“Bodvar was in love with her,” Arald chimed in.

Bodvar cut him an icy stare. The smile on Arald’s face melted and he leaned against the gate, turning his attention toward the village.

“Many of the Blades were in love with her.”

Ylva turned, curiosity briefly flashing in her eyes. “What made her different?”

“There many things about Eadra that made her stand out, both on and off the battlefield,” he replied. “Of them all was her thirst for knowledge.”

“So she was a scholar, not a warrior?”

Arald suddenly burst into laughter. Bodvar cringed, it was like listening to a wounded boar. “That women was carnage personified,” he said. “When she drew her blades, her eyes were hollow and empty.”

Bodvar felt his skin bristling when a dark smile crossed Ylva’s pale features.

“Is that so?” she replied.

“Arald…” Arald quickly shut his mouth. Bodvar sighed. This is why I send you out for supplies.

“Don’t go getting ideas, Ylva. Eadra isn’t some bandit or bumpkin with a sword or axe.” He could almost kick himself for saying it. Ylva’s eyes shone with curiosity; her interest was clearly piqued.

“They are your rules, Bodvar,” she said. “I am merely following them, per my oath.” Her smile widened and he suddenly felt like he was being sized up by a snow leopard. “Perhaps you are still in love with her?” she added. “How many nights did she warm your bed for you?”

Bodvar almost couldn’t believe what he was doing. Even by his own standards, stepping up to her was brave, if not foolish. “You will watch your tone with me.” His chest burned, the cold around him seeming to fade.

Ylva’s expression was blank, her smile had long faded. That in of itself was even more infuriating. I bet you’d like me to try, wouldn’t you? Then the Blades would have a new leader. That was one of his rules. Anyone could challenge him for leadership in an open fight.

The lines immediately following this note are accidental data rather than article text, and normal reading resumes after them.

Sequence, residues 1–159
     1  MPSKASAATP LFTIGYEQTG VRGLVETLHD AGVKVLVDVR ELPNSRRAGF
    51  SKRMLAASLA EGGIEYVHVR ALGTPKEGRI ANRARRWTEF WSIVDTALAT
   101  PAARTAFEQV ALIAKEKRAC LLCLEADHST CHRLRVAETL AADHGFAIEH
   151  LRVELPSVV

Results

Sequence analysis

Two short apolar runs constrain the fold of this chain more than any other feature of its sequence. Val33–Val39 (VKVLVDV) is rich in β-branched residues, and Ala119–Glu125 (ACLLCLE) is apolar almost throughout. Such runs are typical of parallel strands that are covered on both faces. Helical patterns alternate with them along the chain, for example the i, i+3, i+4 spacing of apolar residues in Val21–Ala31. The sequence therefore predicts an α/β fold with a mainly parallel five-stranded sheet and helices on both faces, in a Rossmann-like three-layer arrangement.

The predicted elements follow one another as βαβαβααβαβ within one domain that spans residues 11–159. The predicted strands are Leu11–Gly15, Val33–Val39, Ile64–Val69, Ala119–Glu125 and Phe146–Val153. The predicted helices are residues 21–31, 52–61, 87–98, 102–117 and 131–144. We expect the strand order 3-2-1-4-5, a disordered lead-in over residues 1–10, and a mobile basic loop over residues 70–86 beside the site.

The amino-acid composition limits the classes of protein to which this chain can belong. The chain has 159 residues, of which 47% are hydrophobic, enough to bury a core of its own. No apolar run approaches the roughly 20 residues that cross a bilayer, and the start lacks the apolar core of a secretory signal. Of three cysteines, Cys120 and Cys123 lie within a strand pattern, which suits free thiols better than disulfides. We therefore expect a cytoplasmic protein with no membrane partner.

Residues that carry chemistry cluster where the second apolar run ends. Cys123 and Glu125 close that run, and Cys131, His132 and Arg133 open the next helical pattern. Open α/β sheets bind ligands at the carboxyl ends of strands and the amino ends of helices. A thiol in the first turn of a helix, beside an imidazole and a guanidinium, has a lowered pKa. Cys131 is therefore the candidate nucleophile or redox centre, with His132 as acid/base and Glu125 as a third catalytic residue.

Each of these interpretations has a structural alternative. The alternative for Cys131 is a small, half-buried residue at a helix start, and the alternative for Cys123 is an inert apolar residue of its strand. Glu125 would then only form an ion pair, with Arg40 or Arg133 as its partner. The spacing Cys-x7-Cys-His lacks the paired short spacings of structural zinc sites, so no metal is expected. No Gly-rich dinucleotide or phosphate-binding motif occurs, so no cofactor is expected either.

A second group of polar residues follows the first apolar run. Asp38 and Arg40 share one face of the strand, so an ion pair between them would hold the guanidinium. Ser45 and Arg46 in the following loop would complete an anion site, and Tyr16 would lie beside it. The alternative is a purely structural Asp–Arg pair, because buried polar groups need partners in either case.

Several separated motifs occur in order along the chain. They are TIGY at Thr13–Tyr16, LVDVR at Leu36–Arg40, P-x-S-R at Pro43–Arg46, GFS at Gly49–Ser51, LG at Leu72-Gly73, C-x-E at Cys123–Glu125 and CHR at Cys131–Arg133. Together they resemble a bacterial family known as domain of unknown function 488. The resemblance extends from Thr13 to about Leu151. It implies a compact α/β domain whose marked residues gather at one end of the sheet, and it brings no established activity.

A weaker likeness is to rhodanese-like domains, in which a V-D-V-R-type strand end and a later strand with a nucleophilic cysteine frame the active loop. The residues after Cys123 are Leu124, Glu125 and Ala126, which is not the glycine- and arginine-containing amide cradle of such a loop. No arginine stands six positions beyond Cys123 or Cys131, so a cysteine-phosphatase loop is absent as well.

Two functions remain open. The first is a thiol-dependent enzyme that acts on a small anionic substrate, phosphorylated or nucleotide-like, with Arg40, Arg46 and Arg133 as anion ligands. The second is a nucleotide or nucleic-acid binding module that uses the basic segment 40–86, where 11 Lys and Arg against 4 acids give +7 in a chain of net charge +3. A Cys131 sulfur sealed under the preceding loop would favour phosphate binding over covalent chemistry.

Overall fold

She stepped away. “As you wish, Bodvar.”

He felt himself instinctively relax, even with the tension in the air. Ylva stepped around her horse and reached inside one of her saddlebags. She pulled a wineskin from it and took a drink.

“You said she had a thirst for knowledge,” she said, corking it. Then the library you sealed at Viktor’s keep is hers?”

Bodvar nodded. “I should have burned those stupid books.”

“I doubt Viktor would have let you,” she commented.

Bodvar bit his tongue. “Either way, it’s not like anyone could read them,” he replied. “Eadra was fascinated by the Aethar and taught herself how to read their writings. The lengths and trades she made just for a single book or tome were absurd.”

“Do you think she learned how to fight from them?” Ylva asked. “How these Aethar fought?”

It was too late now. Bodvar could see it in Ylva’s eyes and nodded. “Probably.” Ylva will definitely try to kill her now. “Ylva, if we find her, you will do as I say. Deserters get no pity or remorse, but punishment will happen when I call for it.”

“As you wish, Bodvar.”


Books lay scattered about the library and scrolls were strewn about among the tables. Viktor looked up from one of the books, eyeing each of the scholars he had hired from Shyre’s Great library. They all looked perplexed, as the worked feverishly to translate the ancient texts.

The Library’s initial response was skeptical at first, but once his claims were proven they didn’t hesitate to dispatch a dozen of their best. The idea of studying ancient tomes that had once belonged to the Aethar was too tempting. Viktor could still remember the looks of wonder on the custodian’s faces years ago when they saw Eadra’s collection.

He clenched his fist. Without her, the translations were difficult. She had been a good teacher. Keeping the Custodians quiet was even more frustrating. In the beginning they had been more than insistent if sending The Library regular reports on their findings.